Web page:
Local physician, Dr. Lonnie Empey, was along for the walk, but like us making the trek on horseback. As Hafen and I rode our horses along the cart line, he was off on the trail side administering an IV to one of the children who had become dehydrated. Another man was treating blisters on the bottom of the feet of one of the walkers. Later, one of the girls told me that she was sick for the first two days. “But they told me not to give up because we would all help each other through. I made it to the end,” she said.
I asked Hafen the inevitable question about toilet facilities. Eventually I saw the answer as a truck pulled a trailer laden with porta-potties behind the cart line. Pioneer-potties, yes. Nice hot or cold showers, not so much.
There were several other support vehicles following the group but mostly they remained in the background. Some of the adult leaders used walkie-talkies to communicate and coordinate with each other on the logistics of moving over 200 people through the desert and the mountains but for the most part, the re-enactment was as authentic as you could get.
Well, except for the propane-powered cooktops each family used at suppertime.
As the carts pulled into the encampment area for the night, each family member immediately set about with their chores. Several laid out the blue nylon tarps on the ground that would serve as the “soft, fluffy bed” for the night. Others went to the “camp cook” to get their food supplies for the evening’s meal.
Rather than chance trouble with real fires getting out of hand, and remember there’s not a lot of firewood in the desert, the groups used small, five gallon propane tanks to heat their evening meals. But the kids had to do all the work.
Hafen told me that the first night out “the kids got a bowl of broth and a hard roll.”
“That’s it? That’s all you gave these poor kids after walking eight miles uphill for twelve hours? Why did you do that,” I asked quite indignantly.
“Because, when their ancestors came out West, that’s all some of them got for a meal,” Hafen explained. “We wanted them to see what that felt like.”
“Oh,” was all I could say.
I walked among the groups and talked to some of the kids, asking them about their experience. One eighteen-year old girl said it was the second time she had done this excursion and she loved it. Another young girl, looking dazed from exhaustion, said she learned things about herself that she didn’t know, mostly that she now felt that she could do “anything I need to do.”
One young boy said he missed his cell phone the first day, but the second day it didn’t mean that much to him. Another young man said he learned that “the Lord will help me conquer anything.”
And that was the second side of this trek. Because the trip was organized by the LDS Church, it stands to reason religion played a large part of the kids’ experience. Some of the kids talked about the spirituality they experienced in the four days and others spoke about feeling as though their ancestors “were right there with me all along the way.”
Even though I’m not a member of the Mormon faith, I too could feel the spirituality of the experience and understand how this kind of adventure could deepen one’s faith. Hafen mentioned that some of the kids did not belong to the Mormon Church but came along for the experience. “We welcomed all of the kids that wanted to do this,” he said.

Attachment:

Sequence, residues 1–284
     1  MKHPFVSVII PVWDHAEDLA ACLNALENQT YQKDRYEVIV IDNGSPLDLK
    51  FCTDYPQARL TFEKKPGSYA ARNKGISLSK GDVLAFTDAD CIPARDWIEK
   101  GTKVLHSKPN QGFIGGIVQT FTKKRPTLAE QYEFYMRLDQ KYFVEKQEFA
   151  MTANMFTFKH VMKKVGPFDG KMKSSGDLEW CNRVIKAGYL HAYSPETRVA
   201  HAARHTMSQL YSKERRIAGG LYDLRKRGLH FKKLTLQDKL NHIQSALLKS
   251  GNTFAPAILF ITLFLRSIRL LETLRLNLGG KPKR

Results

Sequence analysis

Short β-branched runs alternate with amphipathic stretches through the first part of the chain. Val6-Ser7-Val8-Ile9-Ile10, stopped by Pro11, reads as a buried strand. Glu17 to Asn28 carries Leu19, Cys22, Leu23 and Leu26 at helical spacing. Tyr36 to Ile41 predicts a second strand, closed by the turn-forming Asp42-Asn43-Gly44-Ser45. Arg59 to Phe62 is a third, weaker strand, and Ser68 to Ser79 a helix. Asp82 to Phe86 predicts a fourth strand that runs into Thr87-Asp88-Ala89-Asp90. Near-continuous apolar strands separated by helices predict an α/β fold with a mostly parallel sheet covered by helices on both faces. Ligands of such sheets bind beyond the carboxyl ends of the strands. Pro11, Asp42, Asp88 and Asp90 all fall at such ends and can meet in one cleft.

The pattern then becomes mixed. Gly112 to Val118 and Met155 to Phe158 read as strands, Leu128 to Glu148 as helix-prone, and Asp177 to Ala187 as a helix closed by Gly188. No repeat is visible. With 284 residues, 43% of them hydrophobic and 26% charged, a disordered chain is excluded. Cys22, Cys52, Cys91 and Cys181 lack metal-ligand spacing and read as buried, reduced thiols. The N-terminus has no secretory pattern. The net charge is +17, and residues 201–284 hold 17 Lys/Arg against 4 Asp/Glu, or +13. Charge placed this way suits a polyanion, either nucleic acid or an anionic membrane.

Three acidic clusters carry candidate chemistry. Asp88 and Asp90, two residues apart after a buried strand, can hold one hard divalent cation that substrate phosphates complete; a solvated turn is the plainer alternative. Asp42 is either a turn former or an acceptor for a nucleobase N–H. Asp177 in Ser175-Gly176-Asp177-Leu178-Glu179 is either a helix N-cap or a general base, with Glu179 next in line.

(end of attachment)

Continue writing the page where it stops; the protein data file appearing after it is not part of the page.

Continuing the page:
The families were enjoying an evening meal of beef stew, rolls and butter, and gingerbread cookies. Interestingly, each family was making its own butter by shaking a small jar of heavy cream. As I visited with one family there was definitely a mixture of exhaustion, awe, satisfaction, and the realization they had another 16 miles and two more days before they could delve into that cheeseburger, soak in a hot bathtub, and catch up on their sleep.
As we came down out of the mountains Thursday night, I couldn’t help but think that maybe the next group of young people who want to re-enact their ancestors’ trek through the desert and mountains may not be able to.
The LDS Church puts on this adventure about every four years. What happens to future excursions if the Gold Butte National Conservation Area with Wilderness proposal becomes law? It would be almost impossible to support this kind of adventure logistically without the use of vehicles bringing in additional supplies, especially the pioneer-potties. How sad would it be to deny the children a chance to re-live their heritage?
Like Leavitt explained “some of these kids have never been up here before, have never been out of Mesquite or Bunkerville. They have never seen what’s up here.”
That would be a tragic loss.
Posted Date: 06/19/2012 Wow, what a great story! Barbara did such a great job capturing the essence of a trek, it felt like I was there with this group. What a great accomplishment for the youth and adults alike! Not many people in this day and age can say that they have gone through such a challenging experience and have such a positive attitude in the trials. Congratulations to you all! By: Mike
Posted Date: 06/19/2012 Barbara,
I'm glad you were able to come up and see the trek we were on. Your story is wonderful and really captures the purpose and spirit of trek. Thank you! By: Mindee